Mobile telephone networks - Claimants entering into agreements for use of sites by mobile phone network operators
Arqiva Ltd and other companies v Everything Everywhere Ltd and other companies: QBD (TCC) (Mr Justice Ramsey): 26 July 2011
The claimants entered into agreements with MNOs granting them rights in relation to the sites. The MNOs operated pursuant to spectrum licences granted by the Office of Communications (Ofcom) which entitled the MNOs to operate on a particular frequency. In January 1995, an agreement for site-sharing facilities was made between the BBC, now the second claimant, and the second defendant, OPCS (the Orange MSSA).
In September 1995, National Telecommunications Ltd (NTL), now the first claimant, and Hutchison Telecommunications (UK) Ltd entered into a national enabling agreement (the Orange NEA) and a site-sharing licence (the Orange SSL). In December 2008, the first defendant, EE, the fifth defendant, H3G, and the fourth defendant, MBNL, entered into a suite of agreements which included a framework agreement (the FA) and a master site share agreement (the MSSA).
Under those agreements EE and H3G were to retain, install and separately use unconsolidated equipment and install and jointly use consolidated equipment on the claimants’ sites. In July 2010, an agreement was entered into between OPCS and EE under which there would be integration of the operations of EE and OPCS. Subsequently, EE and OPCS commenced the provision to their customers of a roaming facility which included the sending and receipt by EE of signals on the OPCS frequency and vice versa.
In November, the Orange NEA and the Orange SSL expired due to the effluxion of time. In March 2011, the spectrum licences which had been in the name of OPCS were purportedly transferred to EE. The claimants commenced proceedings by which they sought interlocutory injunctions and other relief against the defendants.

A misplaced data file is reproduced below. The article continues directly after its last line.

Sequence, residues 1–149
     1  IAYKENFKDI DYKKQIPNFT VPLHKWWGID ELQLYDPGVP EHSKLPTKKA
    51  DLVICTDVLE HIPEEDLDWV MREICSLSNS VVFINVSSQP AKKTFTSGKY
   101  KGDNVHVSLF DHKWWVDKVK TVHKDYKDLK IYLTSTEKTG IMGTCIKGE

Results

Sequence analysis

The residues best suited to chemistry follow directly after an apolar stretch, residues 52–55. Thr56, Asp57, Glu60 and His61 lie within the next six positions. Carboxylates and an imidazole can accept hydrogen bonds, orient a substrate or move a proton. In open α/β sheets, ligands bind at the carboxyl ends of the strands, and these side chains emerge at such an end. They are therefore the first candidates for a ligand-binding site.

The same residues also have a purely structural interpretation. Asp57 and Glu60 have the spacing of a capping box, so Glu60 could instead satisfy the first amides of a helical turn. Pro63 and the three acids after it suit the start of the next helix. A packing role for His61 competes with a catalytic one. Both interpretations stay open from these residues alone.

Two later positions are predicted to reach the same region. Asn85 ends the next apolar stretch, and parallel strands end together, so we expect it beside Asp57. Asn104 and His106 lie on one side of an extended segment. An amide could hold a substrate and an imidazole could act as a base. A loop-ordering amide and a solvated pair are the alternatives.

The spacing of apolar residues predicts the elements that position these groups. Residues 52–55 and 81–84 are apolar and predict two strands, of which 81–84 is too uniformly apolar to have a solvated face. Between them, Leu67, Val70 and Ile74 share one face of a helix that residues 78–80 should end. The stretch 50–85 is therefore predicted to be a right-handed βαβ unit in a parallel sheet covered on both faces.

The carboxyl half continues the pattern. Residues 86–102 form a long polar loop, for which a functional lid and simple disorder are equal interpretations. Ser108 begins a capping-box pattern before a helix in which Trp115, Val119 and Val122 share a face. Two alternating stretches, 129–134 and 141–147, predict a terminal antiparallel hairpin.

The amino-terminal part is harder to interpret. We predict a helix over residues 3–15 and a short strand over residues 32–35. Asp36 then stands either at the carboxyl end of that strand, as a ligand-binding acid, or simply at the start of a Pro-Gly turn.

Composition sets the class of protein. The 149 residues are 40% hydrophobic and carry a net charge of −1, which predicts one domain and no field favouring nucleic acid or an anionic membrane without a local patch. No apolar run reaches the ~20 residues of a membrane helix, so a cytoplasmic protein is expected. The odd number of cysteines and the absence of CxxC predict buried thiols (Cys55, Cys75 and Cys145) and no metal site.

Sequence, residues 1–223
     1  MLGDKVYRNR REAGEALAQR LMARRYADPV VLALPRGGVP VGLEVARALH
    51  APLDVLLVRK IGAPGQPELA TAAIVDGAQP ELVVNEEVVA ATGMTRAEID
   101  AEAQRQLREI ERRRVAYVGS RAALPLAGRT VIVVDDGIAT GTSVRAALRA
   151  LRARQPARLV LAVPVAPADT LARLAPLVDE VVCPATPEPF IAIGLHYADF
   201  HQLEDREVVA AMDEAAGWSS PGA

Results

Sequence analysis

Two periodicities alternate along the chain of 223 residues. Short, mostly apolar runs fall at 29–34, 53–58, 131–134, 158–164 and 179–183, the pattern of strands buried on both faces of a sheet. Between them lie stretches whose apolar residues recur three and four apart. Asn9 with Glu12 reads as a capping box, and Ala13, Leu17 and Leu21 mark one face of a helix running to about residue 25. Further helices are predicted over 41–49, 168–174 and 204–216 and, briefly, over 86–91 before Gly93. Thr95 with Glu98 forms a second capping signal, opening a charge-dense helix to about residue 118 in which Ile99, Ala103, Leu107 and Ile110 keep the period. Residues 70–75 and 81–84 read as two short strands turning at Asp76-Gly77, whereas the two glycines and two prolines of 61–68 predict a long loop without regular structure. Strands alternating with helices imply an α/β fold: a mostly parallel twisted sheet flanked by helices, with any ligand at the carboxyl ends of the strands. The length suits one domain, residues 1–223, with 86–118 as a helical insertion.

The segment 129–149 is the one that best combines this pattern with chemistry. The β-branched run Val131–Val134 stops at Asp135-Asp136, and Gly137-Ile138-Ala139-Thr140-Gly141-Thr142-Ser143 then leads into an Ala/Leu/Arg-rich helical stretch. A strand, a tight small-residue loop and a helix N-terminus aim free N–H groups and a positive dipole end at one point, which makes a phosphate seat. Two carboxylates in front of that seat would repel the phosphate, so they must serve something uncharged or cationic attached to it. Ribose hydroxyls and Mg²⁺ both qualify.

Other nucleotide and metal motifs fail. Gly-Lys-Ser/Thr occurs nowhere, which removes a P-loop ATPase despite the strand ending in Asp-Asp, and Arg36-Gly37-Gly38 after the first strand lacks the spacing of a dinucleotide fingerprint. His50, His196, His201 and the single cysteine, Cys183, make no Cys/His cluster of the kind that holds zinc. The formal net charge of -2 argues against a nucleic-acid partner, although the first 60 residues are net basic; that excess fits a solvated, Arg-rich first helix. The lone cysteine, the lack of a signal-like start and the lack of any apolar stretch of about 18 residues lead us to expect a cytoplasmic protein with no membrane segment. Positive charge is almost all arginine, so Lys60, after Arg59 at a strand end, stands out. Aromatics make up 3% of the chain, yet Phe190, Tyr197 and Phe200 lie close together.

The first claimant contended that the transfer of the spectrum licences was invalid under section 30 of the Wireless Telegraphy Act 2006 (the 2006 act) while the defendants contended that the licences had been re-issued by Ofcom and they were entitled to rely on the relevant licences. Ofcom submitted that in re-issuing the licences in the name of EE, it had been acting within the broad power that it was given under section 10 and paragraph 6 of schedule 1 to the 2006 act to vary the ‘terms, provisions or limitations’ of a licence. In determining the issue, consideration was given to the Communications Act 2003 (the 2003 act).
The court held: There was no general power given to Ofcom to vary a licence to substitute a new person as the licence holder, and while the provisions of section 1(3) of the 2003 act might enable administrative changes to be made to licences where company details changed, that provision did not enable Ofcom to change the identity of the licence holder to a different company. Ofcom could revoke the licence under paragraph 6 of schedule 1 to the act but it would then have to deal with any re-issue in accordance with the provisions of the 2006 act (see  of the judgment).
In the circumstances, Ofcom had not had the power under paragraph 6 of schedule 1 to the 2006 act to vary the spectrum licences so as to enable them to re-issue those licences in the name of EE rather than OPCS, the name of the original licence holder. As a result, the re-issued licences were not effective to make the transfer by way of a spectrum trade and it followed that the original spectrum licences in the name of OPCS remained valid (see - of the judgment).
David Blunt QC and Juliette Levy (instructed by Charles Russell) for the claimants; Alex Charlton QC and Matthew Lavy (instructed by Bird & Bird) for the first, second and fourth defendants; Pushpinder Saini QC and Mark Vinall (instructed by Ofcom) for Ofcom.